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Lack of lower-order runs compound Australia's batting woes

Australia hope Starc and Green's return to the XI will "bridge the difference" between them and India

Alex Malcolm
Alex Malcolm
Australia need more runs from Pat Cummins in the lower order  •  Associated Press

Australia need more runs from Pat Cummins in the lower order  •  Associated Press

Australia face an uphill battle trying to find lower-order runs in the third Test in Indore and it may shape their selection.
Australia are still picking up the pieces from their second-innings collapse on Sunday in Delhi where they lost 8 for 28 in 74 balls to concede a 2-0 series lead to India. India's lower-order batting, meanwhile, has been one of the major differences between the two sides in the series so far.
But the visitors did have India 139 for 7 on the second day before Axar Patel and R Ashwin added 114 for the eighth wicket to ensure India did not concede a first-innings deficit.
Similarly in the first Test in Nagpur India were 240 for 7, leading by just 63 before Ravindra Jadeja, Axar and Mohammed Shami added 160 for the last three wickets to hand the home side an insurmountable lead of 223.
By contrast, Australia were 162 for 6 in the first innings in Nagpur to be all out for 177. They were 227 for 6 in the first innings in Delhi only to be bowled out for 263. Peter Handscomb was set at the other end on both occasions but was unable to garner any support from Australia's bowlers.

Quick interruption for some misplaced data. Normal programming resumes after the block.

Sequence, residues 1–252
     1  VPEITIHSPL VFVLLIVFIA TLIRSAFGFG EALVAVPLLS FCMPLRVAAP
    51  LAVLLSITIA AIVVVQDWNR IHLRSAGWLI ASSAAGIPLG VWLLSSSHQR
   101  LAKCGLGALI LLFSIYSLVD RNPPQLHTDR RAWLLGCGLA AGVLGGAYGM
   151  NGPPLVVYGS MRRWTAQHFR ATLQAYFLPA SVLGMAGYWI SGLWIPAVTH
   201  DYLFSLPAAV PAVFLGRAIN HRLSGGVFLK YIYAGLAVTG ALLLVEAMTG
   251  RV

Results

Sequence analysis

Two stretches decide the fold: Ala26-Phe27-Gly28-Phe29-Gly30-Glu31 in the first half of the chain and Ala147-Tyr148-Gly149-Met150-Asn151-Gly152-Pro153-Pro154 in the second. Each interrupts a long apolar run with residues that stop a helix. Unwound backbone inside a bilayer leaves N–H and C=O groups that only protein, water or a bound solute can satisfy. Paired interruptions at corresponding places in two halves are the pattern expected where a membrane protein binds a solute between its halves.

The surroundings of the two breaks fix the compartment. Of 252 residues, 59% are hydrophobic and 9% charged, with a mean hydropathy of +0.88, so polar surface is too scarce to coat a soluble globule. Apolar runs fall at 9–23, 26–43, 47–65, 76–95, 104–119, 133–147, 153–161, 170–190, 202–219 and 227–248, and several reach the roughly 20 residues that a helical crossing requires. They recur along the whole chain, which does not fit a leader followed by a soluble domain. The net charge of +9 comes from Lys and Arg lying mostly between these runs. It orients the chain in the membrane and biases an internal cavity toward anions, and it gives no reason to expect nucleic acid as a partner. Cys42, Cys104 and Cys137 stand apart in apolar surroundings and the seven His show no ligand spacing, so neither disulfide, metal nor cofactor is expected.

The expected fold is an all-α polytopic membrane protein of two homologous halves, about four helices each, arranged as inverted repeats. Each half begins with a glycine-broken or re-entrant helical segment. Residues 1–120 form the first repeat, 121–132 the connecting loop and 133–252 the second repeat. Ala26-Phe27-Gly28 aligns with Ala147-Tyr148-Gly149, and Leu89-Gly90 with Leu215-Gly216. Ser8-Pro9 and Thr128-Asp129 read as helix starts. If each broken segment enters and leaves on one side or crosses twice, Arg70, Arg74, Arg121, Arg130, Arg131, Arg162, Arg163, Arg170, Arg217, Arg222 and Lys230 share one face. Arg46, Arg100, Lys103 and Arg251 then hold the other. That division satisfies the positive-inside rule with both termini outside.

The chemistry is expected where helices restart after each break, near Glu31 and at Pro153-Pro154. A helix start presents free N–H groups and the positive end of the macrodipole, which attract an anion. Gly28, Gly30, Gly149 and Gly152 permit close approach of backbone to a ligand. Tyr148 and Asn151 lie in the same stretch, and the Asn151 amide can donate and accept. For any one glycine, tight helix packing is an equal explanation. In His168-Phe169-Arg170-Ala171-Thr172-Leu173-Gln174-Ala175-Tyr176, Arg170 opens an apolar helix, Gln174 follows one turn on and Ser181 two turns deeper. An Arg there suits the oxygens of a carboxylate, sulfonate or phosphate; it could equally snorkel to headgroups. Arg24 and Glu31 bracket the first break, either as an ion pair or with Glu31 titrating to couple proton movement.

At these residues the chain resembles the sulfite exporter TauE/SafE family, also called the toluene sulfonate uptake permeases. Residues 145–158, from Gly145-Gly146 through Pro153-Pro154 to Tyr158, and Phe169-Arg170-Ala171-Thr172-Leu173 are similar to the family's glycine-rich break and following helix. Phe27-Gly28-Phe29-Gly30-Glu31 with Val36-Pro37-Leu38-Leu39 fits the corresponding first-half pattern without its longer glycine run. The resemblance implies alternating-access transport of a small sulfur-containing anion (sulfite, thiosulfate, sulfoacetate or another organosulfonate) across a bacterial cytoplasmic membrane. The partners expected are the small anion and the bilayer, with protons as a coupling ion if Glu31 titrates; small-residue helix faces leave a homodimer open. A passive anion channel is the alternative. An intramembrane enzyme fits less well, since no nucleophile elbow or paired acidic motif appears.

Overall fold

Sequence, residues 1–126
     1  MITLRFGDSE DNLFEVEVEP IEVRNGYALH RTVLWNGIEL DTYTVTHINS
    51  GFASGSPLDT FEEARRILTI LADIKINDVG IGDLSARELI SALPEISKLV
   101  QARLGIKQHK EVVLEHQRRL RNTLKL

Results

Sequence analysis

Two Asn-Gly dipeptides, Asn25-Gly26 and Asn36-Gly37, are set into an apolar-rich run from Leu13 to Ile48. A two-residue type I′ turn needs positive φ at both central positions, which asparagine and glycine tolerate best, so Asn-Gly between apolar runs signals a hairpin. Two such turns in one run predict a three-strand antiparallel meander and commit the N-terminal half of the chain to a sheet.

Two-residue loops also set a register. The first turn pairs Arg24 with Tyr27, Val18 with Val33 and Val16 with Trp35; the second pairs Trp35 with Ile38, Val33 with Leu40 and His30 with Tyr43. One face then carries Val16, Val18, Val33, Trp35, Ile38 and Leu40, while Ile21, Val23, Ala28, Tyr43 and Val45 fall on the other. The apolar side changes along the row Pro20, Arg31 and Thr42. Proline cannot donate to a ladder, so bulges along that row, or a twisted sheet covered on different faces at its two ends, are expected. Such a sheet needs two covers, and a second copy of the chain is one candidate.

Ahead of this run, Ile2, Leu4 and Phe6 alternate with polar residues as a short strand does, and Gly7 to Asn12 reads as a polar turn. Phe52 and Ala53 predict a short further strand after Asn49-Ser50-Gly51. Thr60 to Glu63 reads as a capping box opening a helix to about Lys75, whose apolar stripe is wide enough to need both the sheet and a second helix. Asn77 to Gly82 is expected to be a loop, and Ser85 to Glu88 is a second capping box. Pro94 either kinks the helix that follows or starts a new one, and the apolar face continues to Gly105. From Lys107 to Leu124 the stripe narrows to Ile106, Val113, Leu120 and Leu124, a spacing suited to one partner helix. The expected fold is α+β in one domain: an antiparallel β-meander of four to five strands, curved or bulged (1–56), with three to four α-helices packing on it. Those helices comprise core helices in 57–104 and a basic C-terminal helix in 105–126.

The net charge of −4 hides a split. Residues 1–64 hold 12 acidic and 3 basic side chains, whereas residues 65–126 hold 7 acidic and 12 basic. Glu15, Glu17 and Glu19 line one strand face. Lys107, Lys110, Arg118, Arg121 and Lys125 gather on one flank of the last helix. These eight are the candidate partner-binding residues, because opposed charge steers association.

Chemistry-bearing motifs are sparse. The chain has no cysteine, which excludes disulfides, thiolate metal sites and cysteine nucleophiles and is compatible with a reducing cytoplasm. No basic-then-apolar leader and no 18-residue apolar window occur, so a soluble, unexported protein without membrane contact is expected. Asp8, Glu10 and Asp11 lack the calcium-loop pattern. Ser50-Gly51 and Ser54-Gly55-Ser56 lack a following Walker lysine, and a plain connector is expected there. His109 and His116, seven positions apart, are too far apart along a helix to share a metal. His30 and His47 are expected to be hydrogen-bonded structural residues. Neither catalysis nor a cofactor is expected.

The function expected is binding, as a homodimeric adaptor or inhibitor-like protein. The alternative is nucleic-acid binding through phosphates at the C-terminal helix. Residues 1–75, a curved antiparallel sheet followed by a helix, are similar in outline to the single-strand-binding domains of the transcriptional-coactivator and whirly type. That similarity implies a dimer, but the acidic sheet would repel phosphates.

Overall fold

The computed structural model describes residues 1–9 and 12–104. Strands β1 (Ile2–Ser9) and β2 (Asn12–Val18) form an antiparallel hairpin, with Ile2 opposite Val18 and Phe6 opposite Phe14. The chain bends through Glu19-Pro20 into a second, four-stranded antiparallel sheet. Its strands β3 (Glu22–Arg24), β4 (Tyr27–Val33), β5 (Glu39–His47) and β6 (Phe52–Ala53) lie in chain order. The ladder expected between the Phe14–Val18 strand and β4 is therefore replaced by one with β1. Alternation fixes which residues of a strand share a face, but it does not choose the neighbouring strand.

Australia batting coach Michael Di Venuto admitted it is difficult to help inexperienced spinners Todd Murphy and Matthew Kuhnemann find a way to contribute with the bat in Indian conditions when even Steven Smith is having trouble handling Ashwin and Jadeja.
"That's a hard one especially when two guys are brand new to Test cricket and coming in there," Di Venuto said. "Nathan [Lyon] has shown some good resolve. It's encouraging. Potentially changes. Potentially Starcy [Mitchell Starc] comes in who's done well with the bat here in the past. That adds a little bit more depth to the batting. Patty [Cummins] showed in the first innings a good method of defence and attack, so it is there. The younger ones, that's a work in progress. That's a big learning curve for them with the bat and the ball."